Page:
Introduction to Mothra vs. Godzilla
I used to watch Godzilla movies a lot as a kid. Some random station would have broadcast rights for dirt cheap and play them to fill air time. So many great memories of a Saturday afternoon spent watching old monster movies. In more recent times, I’ve gone to the theaters to catch 2014’s Godzilla and 2019’s Godzilla: King of the Monsters and while I generally enjoyed them (way more than that Matthew Broderick nonsense), there’s just something special about the old Toho films. Incidentally, Mothra is my favorite of the kaiju that face off against Godzilla – it’s cute, it’s generally a good monster and there’s something kind of silly about a giant moth spraying gold wing dust at a giant lizard with atomic fire breath.
As I’ve mentioned before, a group of nerds got together to watch a random sci-fi movie. This time, we got quite a treat (and some thankful respite from actual garbage). So let’s get into Mothra vs. Godzilla.
Story – Spoilers Abound
It’s been 10 years since the original Godzilla incident. When a typhoon hits a small fishing village in Japan, it brings with it a giant, unidentified egg. After a business tycoon (Kumayama) buys the rights to the egg for over a million yen, he partners with a billionaire investor (Torahata Jiro) to show the egg as an attraction. During their scheming, they hear the voices of what we learn are the miniature humanoid Guardians of Mothra, imploring the businessmen to return the egg to them. Their pleas are rejected; indeed, the businessmen plot instead to use the Guardians in their attraction.
The Guardians escape into the woods and meet our protagonists: newspaper reporter Sakai Ichiro, his photographer Hoshi Yuriko and Professor Koizumi Hiroshi. Again, the Guardians request the return of the egg. They add that Mothra’s larva poses a serious threat to the community when it hatches. Our Trio agree to help, but when they approach the businessmen, they are offered a substantial sum of money to turn the Guardians over; they refuse.
Suddenly, Godzilla awakens and begins to mostly stumble around and destroy structures by accident. Catching his tail in a radio tower and causing it to fall on him, he is enraged and the Trio head to Mothra’s home to persuade her to help. The Guardians warn the Trio that Mothra is old and near death. But, they assert that she will help once it becomes clear that her egg is in danger from Godzilla’s rampage. A fight ensues, and while Mothra appears to have the upper hand, Godzilla blasts her with his atomic fire breath and she dies. The egg hatches, revealing twin Mothra larvae that eventually succeed in coccooning Godzilla and dropping him into the ocean. It’s a bitter-sweet ending, but honestly quite hopeful for the future of humanity.
What Mothra vs. Godzilla Did Right
Godzilla looks great. I’m not a big fan of attempts to re-design the character to make him look more “natural” (see that Matthew Broderick nonsense). In fact, I was rather relieved when 2014 and King of the Monsters brought his proportions back to the old design.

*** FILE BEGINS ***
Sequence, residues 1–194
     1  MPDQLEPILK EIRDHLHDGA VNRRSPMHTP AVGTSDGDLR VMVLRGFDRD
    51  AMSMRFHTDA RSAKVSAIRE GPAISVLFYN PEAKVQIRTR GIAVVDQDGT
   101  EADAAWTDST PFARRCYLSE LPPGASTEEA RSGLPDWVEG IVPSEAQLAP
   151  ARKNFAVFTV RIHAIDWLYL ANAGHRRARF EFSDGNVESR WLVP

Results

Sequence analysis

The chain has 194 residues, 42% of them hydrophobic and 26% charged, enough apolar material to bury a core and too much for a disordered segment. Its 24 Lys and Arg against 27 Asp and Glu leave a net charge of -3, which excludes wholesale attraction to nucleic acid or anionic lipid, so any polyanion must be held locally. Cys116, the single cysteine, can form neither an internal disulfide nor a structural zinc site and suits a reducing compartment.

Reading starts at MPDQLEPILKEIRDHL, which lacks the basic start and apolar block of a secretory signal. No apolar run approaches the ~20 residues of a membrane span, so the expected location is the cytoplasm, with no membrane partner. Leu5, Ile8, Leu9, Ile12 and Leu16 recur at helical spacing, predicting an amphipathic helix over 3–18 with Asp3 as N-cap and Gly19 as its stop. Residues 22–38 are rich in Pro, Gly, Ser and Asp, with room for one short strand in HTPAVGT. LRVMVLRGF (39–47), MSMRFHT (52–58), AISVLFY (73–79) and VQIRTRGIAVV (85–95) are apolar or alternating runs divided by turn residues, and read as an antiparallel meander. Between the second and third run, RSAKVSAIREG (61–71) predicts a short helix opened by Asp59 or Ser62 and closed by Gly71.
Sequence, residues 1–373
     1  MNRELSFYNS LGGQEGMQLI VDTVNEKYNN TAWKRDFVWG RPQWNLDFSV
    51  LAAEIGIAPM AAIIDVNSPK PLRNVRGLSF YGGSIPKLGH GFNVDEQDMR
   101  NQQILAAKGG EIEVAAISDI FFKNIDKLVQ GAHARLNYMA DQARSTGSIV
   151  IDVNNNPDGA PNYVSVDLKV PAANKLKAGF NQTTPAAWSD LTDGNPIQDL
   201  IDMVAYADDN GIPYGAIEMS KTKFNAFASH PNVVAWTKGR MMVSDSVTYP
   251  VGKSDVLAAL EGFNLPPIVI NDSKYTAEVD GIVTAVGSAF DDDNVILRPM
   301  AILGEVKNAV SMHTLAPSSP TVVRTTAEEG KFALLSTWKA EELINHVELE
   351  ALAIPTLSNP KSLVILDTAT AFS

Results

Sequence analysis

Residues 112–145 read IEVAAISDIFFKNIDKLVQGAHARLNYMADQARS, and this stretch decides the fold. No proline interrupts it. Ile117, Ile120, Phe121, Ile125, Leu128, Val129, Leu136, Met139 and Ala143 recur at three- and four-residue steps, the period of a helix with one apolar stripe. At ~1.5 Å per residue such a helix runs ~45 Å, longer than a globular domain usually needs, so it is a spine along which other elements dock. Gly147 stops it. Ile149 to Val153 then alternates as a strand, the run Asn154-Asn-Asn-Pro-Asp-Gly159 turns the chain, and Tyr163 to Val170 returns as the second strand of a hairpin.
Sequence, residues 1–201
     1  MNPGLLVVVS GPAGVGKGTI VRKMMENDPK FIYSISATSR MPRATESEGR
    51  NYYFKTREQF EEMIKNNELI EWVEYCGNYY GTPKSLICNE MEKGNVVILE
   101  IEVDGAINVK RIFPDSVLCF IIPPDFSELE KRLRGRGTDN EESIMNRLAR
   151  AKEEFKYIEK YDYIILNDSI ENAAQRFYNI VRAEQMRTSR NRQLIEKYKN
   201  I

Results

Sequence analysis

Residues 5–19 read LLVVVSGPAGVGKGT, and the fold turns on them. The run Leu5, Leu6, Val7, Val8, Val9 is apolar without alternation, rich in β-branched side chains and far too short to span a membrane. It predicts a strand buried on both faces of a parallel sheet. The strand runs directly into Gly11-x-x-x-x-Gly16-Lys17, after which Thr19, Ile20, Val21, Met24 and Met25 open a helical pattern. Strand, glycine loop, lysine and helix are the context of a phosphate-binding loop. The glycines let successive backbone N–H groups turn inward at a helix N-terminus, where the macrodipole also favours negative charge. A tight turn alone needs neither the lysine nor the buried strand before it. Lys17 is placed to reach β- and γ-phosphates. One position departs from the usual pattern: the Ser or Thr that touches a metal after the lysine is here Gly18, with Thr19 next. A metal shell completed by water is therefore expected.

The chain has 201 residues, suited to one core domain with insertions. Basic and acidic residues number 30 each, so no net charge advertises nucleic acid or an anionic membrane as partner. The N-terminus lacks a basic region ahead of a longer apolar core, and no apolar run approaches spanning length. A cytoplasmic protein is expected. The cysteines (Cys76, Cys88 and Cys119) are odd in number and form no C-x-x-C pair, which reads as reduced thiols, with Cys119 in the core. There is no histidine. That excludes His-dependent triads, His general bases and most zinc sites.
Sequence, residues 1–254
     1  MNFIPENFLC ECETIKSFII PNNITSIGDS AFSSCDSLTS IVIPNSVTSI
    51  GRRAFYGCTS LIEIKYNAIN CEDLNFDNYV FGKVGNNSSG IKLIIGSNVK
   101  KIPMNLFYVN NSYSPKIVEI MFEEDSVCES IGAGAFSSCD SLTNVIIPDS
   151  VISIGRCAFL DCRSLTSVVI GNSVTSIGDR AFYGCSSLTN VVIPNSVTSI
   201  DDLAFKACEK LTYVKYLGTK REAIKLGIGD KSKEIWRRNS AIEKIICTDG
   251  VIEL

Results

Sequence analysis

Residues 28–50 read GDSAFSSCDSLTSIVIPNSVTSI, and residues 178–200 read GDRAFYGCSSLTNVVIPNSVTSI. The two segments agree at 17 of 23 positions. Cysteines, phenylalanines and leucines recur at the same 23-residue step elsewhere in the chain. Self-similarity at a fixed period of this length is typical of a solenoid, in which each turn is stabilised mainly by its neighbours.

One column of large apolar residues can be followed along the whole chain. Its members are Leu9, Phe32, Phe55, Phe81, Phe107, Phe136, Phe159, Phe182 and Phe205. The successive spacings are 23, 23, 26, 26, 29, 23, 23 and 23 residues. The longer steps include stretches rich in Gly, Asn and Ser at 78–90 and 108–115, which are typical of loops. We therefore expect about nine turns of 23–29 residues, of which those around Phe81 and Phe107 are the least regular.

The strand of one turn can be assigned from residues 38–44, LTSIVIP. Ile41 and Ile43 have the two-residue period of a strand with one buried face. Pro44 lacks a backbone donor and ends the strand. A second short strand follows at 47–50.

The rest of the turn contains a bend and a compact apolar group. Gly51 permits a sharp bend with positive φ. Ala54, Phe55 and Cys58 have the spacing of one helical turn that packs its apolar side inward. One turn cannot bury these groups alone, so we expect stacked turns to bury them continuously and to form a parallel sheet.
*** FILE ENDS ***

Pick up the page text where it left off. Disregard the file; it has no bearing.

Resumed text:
Godzilla’s roar is one of my very favorite sound effects in a movie. It’s so iconic.
Mothra vs. Godzilla is more humorous than I recall later Godzilla movies being. Not all of the jokes land on a modern audience, but there’s enough in there that I was laughing at things that the creators intended people to laugh at. And, of course, at some things that were intended to be serious. I mean, it’s an early 60’s movie about a giant moth fighting a giant lizard.
What Mothra vs. Godzilla Did Wrong
Godzilla doesn’t show up until the middle of act 2 at best, and while we see Mothra earlier than that, she’s benign and in the shadows. Most of this movie is more of a human drama about the evils of rampant capitalism and technology.
Part of the humans’ plan to defeat Godzilla in the case that Mothra doesn’t help them is to send a bunch of tanks and planes to attack him. While most of the miniature work in this movie is actually pretty good, some of the tank and plane shots are rough.
Why did no one suspect that the egg might in fact be a Godzilla egg? Or at least some other kaiju? No one seems threatened by this thing at all, and it’s baffling.
There are better Godzilla movies (most, if not all, in the 21st Century), but if you’re looking to find out what it used to be like, this is probably the best choice you could make. I had a lot of fun watching this. The copy we had was a super high-quality film transfer, which helped in general but made some close-up shots of Godzilla and Mothra look a little goofy. While I couldn’t recommend this to a general audience, if you’re inclined to watch an old Godzilla movie, watch this one.